TSA Is Overreacting: Our Bomb Risk Is 'Near Zero'
We're actually doing exactly what the terrorists want, writes Jim Harper
By Evann Gastaldo,  Newser Staff
Posted Nov 24, 2010 12:32 PM CST
A traveler is patted down by a TSA agent at O'Hare International Airport in Chicago, Monday, Nov. 22, 2010.   (AP Photo/Paul Beaty)

(Newser) – Are the TSA's new security procedures reasonable in the face of new terrorist threats, or an overreaction? An overreaction, concludes privacy expert Jim Harper—and that's exactly what the terrorists want. The better approach would have been "no change to domestic air security from the status quo of a year ago," Harper writes on Politico, especially since our actual risk is almost nonexistent: "In 99 million domestic flights over the past decade ... there have been zero bombs snuck on to planes and detonated. (The one failed attempt came from overseas.)"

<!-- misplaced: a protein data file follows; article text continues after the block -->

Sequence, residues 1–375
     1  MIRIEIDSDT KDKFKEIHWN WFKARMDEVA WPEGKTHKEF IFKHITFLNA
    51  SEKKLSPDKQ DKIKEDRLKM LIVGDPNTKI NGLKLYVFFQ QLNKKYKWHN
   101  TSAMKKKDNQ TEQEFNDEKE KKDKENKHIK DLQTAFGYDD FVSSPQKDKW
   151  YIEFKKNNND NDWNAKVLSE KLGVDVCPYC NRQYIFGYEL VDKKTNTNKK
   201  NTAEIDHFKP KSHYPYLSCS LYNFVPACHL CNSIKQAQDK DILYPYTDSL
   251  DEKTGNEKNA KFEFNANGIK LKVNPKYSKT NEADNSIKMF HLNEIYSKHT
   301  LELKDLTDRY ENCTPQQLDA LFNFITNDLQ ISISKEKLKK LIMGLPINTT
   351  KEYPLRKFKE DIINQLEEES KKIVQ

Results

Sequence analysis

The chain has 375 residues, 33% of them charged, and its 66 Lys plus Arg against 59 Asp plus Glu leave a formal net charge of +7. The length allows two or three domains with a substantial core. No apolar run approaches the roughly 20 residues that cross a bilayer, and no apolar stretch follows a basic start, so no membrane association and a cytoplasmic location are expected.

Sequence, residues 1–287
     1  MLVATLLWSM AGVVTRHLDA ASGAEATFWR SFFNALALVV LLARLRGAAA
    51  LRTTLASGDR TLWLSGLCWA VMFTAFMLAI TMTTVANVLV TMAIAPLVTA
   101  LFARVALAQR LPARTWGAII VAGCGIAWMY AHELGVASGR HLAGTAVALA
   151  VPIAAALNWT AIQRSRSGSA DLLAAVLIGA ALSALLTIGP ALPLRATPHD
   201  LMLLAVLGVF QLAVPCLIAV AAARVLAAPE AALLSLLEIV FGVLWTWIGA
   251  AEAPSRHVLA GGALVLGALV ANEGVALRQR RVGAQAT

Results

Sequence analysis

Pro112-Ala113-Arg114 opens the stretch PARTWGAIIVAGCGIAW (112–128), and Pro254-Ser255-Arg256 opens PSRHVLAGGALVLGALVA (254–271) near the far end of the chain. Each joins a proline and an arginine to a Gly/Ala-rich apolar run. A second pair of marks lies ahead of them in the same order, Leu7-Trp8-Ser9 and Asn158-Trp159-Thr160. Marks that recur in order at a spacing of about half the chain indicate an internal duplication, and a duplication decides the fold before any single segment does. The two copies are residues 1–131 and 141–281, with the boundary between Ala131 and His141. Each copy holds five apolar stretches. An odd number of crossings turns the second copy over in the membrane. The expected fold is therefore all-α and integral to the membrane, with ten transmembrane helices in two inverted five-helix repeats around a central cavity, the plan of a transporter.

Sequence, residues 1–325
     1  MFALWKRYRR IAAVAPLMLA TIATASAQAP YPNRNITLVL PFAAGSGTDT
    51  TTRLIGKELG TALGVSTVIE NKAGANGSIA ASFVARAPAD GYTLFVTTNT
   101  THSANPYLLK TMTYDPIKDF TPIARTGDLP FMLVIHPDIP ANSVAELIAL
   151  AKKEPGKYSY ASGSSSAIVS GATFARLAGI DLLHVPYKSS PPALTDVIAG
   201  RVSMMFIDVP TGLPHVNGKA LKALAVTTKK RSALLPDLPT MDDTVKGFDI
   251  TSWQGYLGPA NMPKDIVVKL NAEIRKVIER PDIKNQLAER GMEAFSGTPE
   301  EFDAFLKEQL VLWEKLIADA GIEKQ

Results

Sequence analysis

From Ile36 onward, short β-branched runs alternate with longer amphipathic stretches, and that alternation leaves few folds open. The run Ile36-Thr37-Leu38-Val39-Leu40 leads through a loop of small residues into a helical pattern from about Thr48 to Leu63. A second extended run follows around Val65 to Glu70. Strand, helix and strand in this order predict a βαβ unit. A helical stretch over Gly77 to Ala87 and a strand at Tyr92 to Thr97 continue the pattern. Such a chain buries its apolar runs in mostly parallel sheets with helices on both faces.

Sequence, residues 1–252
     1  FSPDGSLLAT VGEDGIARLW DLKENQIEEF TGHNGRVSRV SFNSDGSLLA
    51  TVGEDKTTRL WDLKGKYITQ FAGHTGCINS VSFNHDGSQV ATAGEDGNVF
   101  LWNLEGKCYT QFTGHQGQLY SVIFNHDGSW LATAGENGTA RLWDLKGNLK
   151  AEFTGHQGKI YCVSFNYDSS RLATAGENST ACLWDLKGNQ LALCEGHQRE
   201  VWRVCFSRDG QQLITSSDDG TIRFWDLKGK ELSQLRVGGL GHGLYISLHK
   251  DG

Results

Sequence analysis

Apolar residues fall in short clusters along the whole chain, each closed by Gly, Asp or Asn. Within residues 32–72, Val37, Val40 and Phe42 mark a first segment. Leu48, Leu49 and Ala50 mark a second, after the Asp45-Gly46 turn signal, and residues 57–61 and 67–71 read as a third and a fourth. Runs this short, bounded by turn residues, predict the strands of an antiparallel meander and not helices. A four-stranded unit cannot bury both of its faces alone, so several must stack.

Harper advocates "risk acceptance," arguing that we can tolerate a small amount of risk "if prison-style searching of innocent American travelers is the alternative." Washington wants to create a zero-risk situation, but nothing in life is without risk, and "it would take a lot of successful attacks" to make flying riskier than driving. It would be more effective for the government to level with us about specific threats, he concludes, rather than constantly "touting threat in the abstract and promising perfect security." (A new threat level alert system may be a step in that direction—click here for more.)